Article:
Wisconsin is known as ‘America’s Dairyland’ but there is concern about the future of the dairy industry across the nation.
According to the Wisconsin Department of Agriculture, Trade and Consumer Protection, the state has lost 638 dairy farmers in 2018 and this year, 212 farms have closed down. Declining milk prices have put pressure on profits and farmers have had to find alternate ways to recoup their losses.
“It does concern us because we have to make a living on the farm. We have to pay our bills. We have loans. We have to make sure we get paid. We have tried to cut expenses as much as we can,” said Dave Daniels, Co-Owner of Mighty Grand Dairy Farm.
For Dave and Chad Daniels, farming is not only their passion, it’s also their way of life.
“We don’t look at this as a job we look at it as a livelihood this is what we are born and raised to do,” Chad Daniels said.
Their farm has 550 cows with their milk going to a cheese maker near Fond du Lac. Since the price of milk has consistently declined since 2014, they said their income from sales has gone down 35-40% but it’s not only their farm suffering with losses, farmers across the state and nation had the same issue.
The dairy industry contributes $43 billion to Wisconsin’s economy annually. Mark Stephenson, Director of Dairy Policy Analysis at the University of Wisconsin, said not all the farms closing down is specifically due to financial issues, others were at an age where they were ready to retire from the business. Stephenson said prices in the industry fluctuate but this is the fifth consecutive year milk prices are low.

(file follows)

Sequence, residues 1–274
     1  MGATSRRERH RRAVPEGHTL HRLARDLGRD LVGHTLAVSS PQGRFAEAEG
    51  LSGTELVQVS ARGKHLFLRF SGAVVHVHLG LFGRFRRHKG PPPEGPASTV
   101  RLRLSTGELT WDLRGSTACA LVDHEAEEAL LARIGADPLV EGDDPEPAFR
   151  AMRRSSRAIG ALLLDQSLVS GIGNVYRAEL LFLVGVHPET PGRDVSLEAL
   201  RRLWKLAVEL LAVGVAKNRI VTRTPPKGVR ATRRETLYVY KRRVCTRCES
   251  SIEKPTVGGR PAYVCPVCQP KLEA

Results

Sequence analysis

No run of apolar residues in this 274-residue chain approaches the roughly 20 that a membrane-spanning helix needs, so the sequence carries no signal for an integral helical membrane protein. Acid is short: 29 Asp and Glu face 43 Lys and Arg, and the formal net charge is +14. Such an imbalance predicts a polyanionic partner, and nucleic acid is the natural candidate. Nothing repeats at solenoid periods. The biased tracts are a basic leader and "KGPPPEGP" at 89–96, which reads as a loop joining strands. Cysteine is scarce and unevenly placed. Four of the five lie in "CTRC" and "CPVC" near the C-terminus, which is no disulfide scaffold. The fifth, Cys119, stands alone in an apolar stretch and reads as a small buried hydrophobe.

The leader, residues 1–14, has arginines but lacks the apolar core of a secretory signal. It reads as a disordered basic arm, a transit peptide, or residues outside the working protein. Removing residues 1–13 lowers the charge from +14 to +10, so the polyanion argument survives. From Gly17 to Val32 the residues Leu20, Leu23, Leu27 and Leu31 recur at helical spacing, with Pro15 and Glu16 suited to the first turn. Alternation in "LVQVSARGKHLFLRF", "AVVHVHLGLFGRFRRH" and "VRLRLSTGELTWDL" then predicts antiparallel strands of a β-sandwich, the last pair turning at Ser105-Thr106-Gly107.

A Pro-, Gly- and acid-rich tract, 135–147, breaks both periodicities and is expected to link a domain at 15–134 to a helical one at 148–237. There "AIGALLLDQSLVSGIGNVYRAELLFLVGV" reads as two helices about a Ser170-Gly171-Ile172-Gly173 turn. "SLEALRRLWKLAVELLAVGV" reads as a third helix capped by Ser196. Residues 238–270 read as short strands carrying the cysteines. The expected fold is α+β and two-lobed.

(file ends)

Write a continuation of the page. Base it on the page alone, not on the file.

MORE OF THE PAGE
“There has been a lot of production put on the world market place made available. We have had too many stocks on dairy products. All those things put downward pressure on prices,” Stephenson said.
The decline in prices has put farmers in difficult situations. However, over the past couple of months, prices have improved.
“I think there is a possibility by the time we get to the fourth quarter this year, that we could have potentially much better prices,” Stephenson said.
For Chad and Dave, they will continue to do what they love. They hope to continue to spread knowledge and education about the dairy industry.
“Farmers are pretty resilient. It’s springtime so we are ambitious and we would like to see things changed around,” Dave said.
On June 15 the farmers are hosting a Kenosha County Dairy Breakfast from 6:30-10:30 a.m.
The public is invited to get to know the local farmers and learn about the business.
It cost $6 and children 5-and-under are free.